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"So we can announce today that the furlough scheme will not be extended for one month, it will be extended until the end of March. "The government will continue to help pay people's wages, up to 80 per cent of the normal amount. A review in January will decide whether to increase employers' contributions, said Mr Sunak. Mr Sunak's opposite number Anneliese Dodds, however, urged him to apologise to workers already made redundant as a result of the eleventh-hour changes to the scheme and criticised the government's delay in implementing restrictions recommended by the Scientific Advisory Group for Emergencies that had "cost lives and livelihoods". Referring to ministers' previous refusal to extend the furlough scheme, she asked: "How many jobs could have been saved if this government had recognised reality and let businesses plan for the future?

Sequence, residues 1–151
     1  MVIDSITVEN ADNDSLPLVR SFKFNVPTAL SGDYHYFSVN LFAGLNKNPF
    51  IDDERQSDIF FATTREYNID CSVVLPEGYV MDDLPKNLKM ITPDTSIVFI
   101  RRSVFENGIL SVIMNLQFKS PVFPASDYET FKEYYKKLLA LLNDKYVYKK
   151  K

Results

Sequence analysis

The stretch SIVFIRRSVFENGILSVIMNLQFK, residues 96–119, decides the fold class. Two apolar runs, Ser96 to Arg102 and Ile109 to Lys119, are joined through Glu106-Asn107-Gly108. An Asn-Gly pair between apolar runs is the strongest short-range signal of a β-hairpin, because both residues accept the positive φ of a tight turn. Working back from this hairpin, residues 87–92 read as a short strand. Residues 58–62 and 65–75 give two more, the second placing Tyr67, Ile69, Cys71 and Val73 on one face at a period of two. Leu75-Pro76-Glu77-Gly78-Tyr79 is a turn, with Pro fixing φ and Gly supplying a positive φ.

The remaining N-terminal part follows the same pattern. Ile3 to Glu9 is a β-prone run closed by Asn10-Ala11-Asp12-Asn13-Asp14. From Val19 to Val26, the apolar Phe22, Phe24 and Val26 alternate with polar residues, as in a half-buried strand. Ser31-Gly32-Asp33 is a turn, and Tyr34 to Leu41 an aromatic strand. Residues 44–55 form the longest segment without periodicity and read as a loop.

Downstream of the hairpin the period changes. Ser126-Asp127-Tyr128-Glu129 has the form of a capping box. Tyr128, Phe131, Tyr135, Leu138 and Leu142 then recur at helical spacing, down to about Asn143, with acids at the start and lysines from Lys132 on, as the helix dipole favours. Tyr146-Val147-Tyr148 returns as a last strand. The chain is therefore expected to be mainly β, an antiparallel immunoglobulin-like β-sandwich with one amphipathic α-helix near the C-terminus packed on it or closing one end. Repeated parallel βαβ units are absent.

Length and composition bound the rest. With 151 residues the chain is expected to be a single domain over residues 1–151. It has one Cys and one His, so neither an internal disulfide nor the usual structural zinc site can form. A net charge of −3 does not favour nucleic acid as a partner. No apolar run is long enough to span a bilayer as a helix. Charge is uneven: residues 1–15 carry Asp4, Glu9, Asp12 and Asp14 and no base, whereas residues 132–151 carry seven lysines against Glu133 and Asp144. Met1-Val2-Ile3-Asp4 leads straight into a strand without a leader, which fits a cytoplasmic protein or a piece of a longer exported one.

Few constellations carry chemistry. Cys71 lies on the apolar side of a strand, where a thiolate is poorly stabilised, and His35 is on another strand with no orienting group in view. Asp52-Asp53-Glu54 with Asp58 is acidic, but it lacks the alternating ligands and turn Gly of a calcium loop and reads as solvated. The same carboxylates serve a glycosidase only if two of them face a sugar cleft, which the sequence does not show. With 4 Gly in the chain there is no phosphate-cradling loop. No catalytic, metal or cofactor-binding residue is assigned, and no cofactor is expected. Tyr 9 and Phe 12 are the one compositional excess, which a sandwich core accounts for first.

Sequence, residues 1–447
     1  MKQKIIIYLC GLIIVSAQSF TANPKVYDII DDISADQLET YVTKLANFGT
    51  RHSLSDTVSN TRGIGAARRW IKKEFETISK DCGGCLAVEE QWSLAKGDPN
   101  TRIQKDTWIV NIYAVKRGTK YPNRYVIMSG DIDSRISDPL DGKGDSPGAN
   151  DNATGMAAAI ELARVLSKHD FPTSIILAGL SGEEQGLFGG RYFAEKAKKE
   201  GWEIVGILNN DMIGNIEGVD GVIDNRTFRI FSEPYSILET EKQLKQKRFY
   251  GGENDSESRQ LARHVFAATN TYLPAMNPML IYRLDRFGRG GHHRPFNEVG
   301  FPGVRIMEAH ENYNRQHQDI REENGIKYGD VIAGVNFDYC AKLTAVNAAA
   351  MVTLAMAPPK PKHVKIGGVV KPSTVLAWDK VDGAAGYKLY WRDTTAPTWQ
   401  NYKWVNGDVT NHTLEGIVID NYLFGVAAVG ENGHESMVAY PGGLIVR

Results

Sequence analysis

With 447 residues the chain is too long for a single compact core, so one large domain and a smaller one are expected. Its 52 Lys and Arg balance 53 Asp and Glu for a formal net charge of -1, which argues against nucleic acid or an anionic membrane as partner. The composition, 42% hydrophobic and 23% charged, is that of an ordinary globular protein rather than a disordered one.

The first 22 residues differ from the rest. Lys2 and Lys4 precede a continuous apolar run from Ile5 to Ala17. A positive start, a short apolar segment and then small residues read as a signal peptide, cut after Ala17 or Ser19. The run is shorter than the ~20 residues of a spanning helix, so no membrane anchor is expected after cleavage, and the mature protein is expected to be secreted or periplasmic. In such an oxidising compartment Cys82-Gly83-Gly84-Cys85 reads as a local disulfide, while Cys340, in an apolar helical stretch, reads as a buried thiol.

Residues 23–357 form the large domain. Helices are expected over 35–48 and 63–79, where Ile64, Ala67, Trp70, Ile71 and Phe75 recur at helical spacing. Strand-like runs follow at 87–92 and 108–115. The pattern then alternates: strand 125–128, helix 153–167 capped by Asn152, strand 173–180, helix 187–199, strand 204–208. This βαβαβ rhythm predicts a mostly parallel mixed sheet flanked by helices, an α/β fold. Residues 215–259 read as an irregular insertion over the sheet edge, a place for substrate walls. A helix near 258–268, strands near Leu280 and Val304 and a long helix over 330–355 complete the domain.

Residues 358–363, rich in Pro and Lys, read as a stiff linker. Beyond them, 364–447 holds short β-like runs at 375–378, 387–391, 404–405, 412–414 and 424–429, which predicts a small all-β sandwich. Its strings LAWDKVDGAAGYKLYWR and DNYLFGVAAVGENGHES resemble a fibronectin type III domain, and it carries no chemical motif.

She added: "Businesses and workers have been pleading for certainty from this government, but the chancellor keeps ignoring them until the last possible moment after jobs have been lost and businesses have gone bust. "The chancellor's fourth version of his winter economy plan in just six weeks. Loading Over the weeks leading up to the election, polls suggested the race was tightening, but it particularly galled the Trump campaign that the first major media outlet to call it on election night for Biden was Fox News. The following day some other outlets had still not called the state, and as the count slowly continued Trump began to whittle Biden's lead, though at the time of writing not enough for Fox nor AP to recant. Trump stewed in the White House, spending much of the early part of the day venting spleen and sharing sympathetic commentary via Twitter, lapsing into silence as news from the counting states slowed. Adopting the language of a presidential victory speech, Biden said that though he had campaigned as a Democrat he would govern as an American. By the time sun had set rumours had spread among Trump supporters that Republican votes were being disqualified for the use of sharpie pens. Sen. Mitch McConnell wants Congress to pass more COVID-19 relief before end of 2020 — Senate Majority Leader Mitch McConnell said Wednesday he wants Congress to pass a new coronavirus relief package by the end of this year, regardless of which party wins control of the White House and the Senate in the 2020 election. Hot off his own reelection victory Tuesday night, McConnell expressed hope that Democrats and Republicans who are currently in office will come together to finally approve a fresh round of long-awaited aid, even though negotiations in recent months have failed. "Hopefully, the partisan passions that prevented us from doing another rescue package will subside with the election," he told reporters in downtown Louisville Wednesday. That's a shift from a statement he made last week, in which he suggested Congress may wait until early 2021 to approve a new round of relief as the pandemic continues to rage across America. More: Mitch McConnell on Trump-Biden race: Claiming victory isn't same as finishing vote count On Wednesday, McConnell said it's not impossible for Republicans and Democrats to work together on a challenge like COVID-19. He pointed to the roughly $2 trillion Coronavirus Aid, Relief and Economic Security, or CARES, Act Congress passed with bipartisan support in March as evidence. And I'm confident we will no matter who ends up running the government," he said. Gov. Andy Beshear said Wednesday afternoon it was "good to hear" McConnell say he wants to approve a relief package by the end of this year. "But I was glad to hear on this first day after the election that he wants to get that package passed," Beshear said. McConnell, President Donald Trump, Senate Minority Leader Chuck Schumer and House Speaker Nancy Pelosi all have said another stimulus package is necessary as America continues to struggle with the public health and economic impacts of the COVID-19 pandemic. The Trump administration has been involved in the negotiations over a new relief package. McConnell previously pushed for a less expensive, more narrowly targeted proposal than the pricier and more expansive legislation Pelosi, Schumer or even Trump — who recently told Congress to "go big or go home" with a stimulus package — recommended.